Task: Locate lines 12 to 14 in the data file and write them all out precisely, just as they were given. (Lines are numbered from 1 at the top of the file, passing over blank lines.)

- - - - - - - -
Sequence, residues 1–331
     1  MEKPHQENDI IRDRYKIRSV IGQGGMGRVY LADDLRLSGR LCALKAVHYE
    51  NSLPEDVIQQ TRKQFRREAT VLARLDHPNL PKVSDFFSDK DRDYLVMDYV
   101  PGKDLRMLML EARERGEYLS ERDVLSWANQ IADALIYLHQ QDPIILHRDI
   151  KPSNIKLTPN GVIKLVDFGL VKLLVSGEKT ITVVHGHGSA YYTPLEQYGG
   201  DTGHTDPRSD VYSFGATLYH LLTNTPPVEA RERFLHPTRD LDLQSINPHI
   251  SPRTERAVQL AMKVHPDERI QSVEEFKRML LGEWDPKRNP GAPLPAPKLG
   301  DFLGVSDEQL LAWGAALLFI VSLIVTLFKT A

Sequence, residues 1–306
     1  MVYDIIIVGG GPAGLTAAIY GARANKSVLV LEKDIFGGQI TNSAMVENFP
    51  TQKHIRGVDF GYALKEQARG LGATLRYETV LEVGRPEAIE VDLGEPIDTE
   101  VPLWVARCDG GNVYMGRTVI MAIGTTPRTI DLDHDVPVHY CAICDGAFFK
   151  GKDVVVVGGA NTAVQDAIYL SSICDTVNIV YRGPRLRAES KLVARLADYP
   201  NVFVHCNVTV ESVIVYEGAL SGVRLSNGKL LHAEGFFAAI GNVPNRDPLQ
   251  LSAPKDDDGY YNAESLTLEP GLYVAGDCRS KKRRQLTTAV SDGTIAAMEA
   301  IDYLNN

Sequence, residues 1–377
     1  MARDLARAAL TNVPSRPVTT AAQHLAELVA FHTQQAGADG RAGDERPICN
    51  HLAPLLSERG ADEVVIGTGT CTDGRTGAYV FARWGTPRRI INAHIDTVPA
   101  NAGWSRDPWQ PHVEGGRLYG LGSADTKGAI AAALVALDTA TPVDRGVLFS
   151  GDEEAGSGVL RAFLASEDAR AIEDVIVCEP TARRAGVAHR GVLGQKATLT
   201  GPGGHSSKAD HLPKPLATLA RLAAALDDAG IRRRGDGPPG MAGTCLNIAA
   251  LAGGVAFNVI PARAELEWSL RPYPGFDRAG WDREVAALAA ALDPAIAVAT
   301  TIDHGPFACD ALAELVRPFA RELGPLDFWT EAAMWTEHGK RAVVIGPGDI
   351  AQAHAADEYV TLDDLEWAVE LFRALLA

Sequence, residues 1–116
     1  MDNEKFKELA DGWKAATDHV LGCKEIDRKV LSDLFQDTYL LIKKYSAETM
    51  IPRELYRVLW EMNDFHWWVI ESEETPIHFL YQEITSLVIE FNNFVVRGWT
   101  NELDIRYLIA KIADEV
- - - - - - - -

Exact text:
   101  VPLWVARCDG GNVYMGRTVI MAIGTTPRTI DLDHDVPVHY CAICDGAFFK
   151  GKDVVVVGGA NTAVQDAIYL SSICDTVNIV YRGPRLRAES KLVARLADYP
   201  NVFVHCNVTV ESVIVYEGAL SGVRLSNGKL LHAEGFFAAI GNVPNRDPLQ